There is no longer any hope that British journalist Dom Phillips, 57, and Brazilian indigenous expert Bruno Pereira, 41, are still alive. The two disappeared a week and a half ago in one of the most remote regions of the Brazilian Amazon. Two brothers, one of whom had been arrested several days earlier, confessed to being involved in the double murder of Phillips and Pereira.
The victims were shot, their bodies cut up and burned in the jungle. The reason given by the two brothers was that the journalist and the expert had disturbed them while they were illegally fishing in the Vale do Javari indigenous reserve.
This simple motive has been questioned, however, as both men have been linked to the drug mafia by various sources. They stated that a third person was involved in the killings and fired the fatal shots.
On June 5, Phillips and Pereira took a boat down the Itaquaí river in the extreme north-west of Brazil, where the country borders Peru and Colombia. But they never arrived at their agreed destination, the town of Atalaia do Norte.
Since then, indigenous patrols have been searching for them. Brazil security forces joined the search; However, there was criticism because this is said to have been done half-heartedly. Pereira had received death threats in the past because he was working with the Vale do Javari indigenous people to try to stop the activities of various mafias in the reserve.
Police are now looking for the bodies of Phillips and Pereira. At a press conference in Manaus on Wednesday evening, she announced that human remains had been found at the place where the two confessors said they had burned and buried the bodies.
It’s a sad reality that environmental activists live extremely dangerous lives in Brazil. As the NGO Global Witness recorded for 2020, 20 activists were murdered in the country because they stood in the way of the economic interests of large landowners or the timber mafia, for example. Brazil is the fourth most dangerous country for people committed to preserving the environment and traditional ways of life, behind Mexico, Colombia and the Philippines.
However, the fact that a foreign journalist was murdered while doing his job in Brazil is an absolute novelty and an indication that Brazil has lost its rights under ultra-right President Jair Bolsonaro, especially in the Amazon region. Since Bolsonaro took office in 2019, his government has repeatedly encouraged criminal groups, such as illegal gold miners, to penetrate indigenous reserves and environmental protection areas. Bolsonaro, on the other hand, often insults, slanders and ridicules indigenous people, environmentalists and journalists.
The government has also cut funding, personnel and powers from the once relatively powerful environmental protection agency Ibama, and filled key positions with often incompetent military supporters of the president. The Funai Indian Protection Agency suffered the same fate.
The now murdered Bruno Pereira was once one of the most renowned and experienced Funai employees and an expert on isolated peoples. Paradoxically, however, he was sidelined after leading a successful operation against illegal gold miners in 2019. He then took a leave of absence and worked privately with the indigenous peoples of Vale do Javari. The reserve is the second largest indigenous reserve in Brazil and is the size of Portugal.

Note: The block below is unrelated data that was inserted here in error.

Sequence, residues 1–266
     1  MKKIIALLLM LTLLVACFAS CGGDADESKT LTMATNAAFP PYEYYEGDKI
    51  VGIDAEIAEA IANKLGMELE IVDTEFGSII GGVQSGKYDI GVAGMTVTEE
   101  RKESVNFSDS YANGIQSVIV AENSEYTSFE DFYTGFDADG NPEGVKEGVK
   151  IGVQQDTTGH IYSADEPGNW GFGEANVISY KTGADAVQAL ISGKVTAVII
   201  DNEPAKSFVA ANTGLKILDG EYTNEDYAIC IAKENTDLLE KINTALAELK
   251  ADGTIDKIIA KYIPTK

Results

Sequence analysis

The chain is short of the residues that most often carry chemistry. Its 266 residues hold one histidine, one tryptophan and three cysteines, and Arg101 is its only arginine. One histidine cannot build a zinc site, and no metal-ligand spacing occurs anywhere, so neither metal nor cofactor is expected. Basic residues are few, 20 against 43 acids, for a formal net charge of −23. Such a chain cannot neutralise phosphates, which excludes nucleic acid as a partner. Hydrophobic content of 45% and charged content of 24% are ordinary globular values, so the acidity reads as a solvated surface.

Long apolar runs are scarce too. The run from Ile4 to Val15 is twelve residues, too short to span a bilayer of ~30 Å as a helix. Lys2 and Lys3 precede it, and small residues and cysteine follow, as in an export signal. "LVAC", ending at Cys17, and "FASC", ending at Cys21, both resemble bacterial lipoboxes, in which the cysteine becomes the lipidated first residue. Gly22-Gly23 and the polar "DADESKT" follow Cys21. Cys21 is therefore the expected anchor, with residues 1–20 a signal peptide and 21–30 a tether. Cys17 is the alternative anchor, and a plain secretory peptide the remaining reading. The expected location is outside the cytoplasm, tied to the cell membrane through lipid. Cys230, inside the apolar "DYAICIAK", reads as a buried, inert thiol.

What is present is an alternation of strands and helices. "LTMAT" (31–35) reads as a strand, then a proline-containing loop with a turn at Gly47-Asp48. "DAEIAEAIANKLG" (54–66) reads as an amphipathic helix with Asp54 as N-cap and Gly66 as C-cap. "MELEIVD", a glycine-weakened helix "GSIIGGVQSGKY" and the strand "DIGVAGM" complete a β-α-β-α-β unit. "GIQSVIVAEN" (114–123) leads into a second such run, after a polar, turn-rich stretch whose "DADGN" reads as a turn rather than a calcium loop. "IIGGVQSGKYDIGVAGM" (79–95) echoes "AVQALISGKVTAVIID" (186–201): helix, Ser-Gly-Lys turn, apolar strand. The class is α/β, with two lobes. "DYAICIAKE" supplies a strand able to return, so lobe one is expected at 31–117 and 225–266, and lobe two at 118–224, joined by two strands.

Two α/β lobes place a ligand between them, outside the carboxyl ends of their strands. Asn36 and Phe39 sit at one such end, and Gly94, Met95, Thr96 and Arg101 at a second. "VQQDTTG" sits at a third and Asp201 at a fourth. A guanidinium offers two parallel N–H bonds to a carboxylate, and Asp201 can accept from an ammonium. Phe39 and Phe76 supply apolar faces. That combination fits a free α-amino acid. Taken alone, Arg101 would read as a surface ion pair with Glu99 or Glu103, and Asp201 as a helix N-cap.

Among the approximately 6,400 indigenous people who live there are also natives who have had little or no contact with the outside world. Dom Phillips, who was one of the most experienced foreign correspondents in Brazil and most recently worked for the British “Guardian”, was researching a book about Amazonia in Vale do Javari.
It is believed that Pereira and Phillips died because the drug mafia, which operates in the extremely sparsely populated border region between Peru, Colombia and Brazil, had put Pereira on the hit list. The men who confessed acted on behalf of the mafia, writes the newspaper “O Globo” in a report. The drug mafia uses illegal fishing in the region to launder drug money.
The two men would have fetched tons of valuable fish from the rivers in the reserve for the mafia, such as the meter-long and coveted pirarucu. However, Pereira, together with patrols of the indigenous people, prevented them from doing so, for example by confiscating entire boatloads. Pereira and indigenous leaders then received death threats.
Brazilian President Jair Bolsonaro had already indirectly blamed Bruno Pereira and Dom Phillips for their deaths a few days ago when he said that the two had embarked on an adventure – as if they had gone for fun.
Now he followed suit. “This Englishman,” he said of Dom Phillips, “was not well received in the region because he wrote a lot of articles against illegal gold miners and on environmental issues.” It sounded as if Bolsonaro now even wanted to justify the double murder. He did not utter a word of condolence to the families of the dead. The Folha de São Paulo newspaper wrote that Bolsonaro was manifestly incapable of empathy.
Several journalists’ associations, including Reporters Without Borders, issued a statement saying: “We do not accept that horror and darkness rule Brazil. Brazil is not an adventure!” And the environmental organization Greenpeace Brazil wrote: “How long will we tolerate a government that condones these crimes?” The Bolsonaro government is turning Amazonia into a region dominated by organized crime.